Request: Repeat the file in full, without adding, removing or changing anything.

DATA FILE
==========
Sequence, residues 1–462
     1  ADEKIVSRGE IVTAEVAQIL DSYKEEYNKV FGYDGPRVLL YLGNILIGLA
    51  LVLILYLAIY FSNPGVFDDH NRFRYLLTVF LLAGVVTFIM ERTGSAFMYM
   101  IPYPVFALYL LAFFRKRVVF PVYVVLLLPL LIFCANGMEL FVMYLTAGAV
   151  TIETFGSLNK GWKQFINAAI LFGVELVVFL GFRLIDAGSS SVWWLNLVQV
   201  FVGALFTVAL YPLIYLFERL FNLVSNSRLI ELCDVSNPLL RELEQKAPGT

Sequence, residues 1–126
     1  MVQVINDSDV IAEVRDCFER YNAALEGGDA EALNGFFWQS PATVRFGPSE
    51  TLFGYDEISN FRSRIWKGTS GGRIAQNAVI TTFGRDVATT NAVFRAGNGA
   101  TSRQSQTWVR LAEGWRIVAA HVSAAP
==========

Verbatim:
Sequence, residues 1–462
     1  ADEKIVSRGE IVTAEVAQIL DSYKEEYNKV FGYDGPRVLL YLGNILIGLA
    51  LVLILYLAIY FSNPGVFDDH NRFRYLLTVF LLAGVVTFIM ERTGSAFMYM
   101  IPYPVFALYL LAFFRKRVVF PVYVVLLLPL LIFCANGMEL FVMYLTAGAV
   151  TIETFGSLNK GWKQFINAAI LFGVELVVFL GFRLIDAGSS SVWWLNLVQV
   201  FVGALFTVAL YPLIYLFERL FNLVSNSRLI ELCDVSNPLL RELEQKAPGT

Sequence, residues 1–126
     1  MVQVINDSDV IAEVRDCFER YNAALEGGDA EALNGFFWQS PATVRFGPSE
    51  TLFGYDEISN FRSRIWKGTS GGRIAQNAVI TTFGRDVATT NAVFRAGNGA
   101  TSRQSQTWVR LAEGWRIVAA HVSAAP